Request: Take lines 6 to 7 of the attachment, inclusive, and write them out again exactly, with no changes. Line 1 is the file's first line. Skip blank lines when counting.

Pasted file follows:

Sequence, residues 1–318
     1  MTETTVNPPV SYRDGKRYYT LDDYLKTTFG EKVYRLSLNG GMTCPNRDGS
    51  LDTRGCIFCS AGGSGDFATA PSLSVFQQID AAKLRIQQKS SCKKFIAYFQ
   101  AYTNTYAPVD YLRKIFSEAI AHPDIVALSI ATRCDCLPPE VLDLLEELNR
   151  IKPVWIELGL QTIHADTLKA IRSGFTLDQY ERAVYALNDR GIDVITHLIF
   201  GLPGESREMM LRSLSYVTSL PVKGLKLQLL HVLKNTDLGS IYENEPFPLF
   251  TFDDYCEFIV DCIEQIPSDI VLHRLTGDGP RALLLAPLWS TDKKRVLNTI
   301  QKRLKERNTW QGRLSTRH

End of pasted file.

   201  GLPGESREMM LRSLSYVTSL PVKGLKLQLL HVLKNTDLGS IYENEPFPLF
   251  TFDDYCEFIV DCIEQIPSDI VLHRLTGDGP RALLLAPLWS TDKKRVLNTI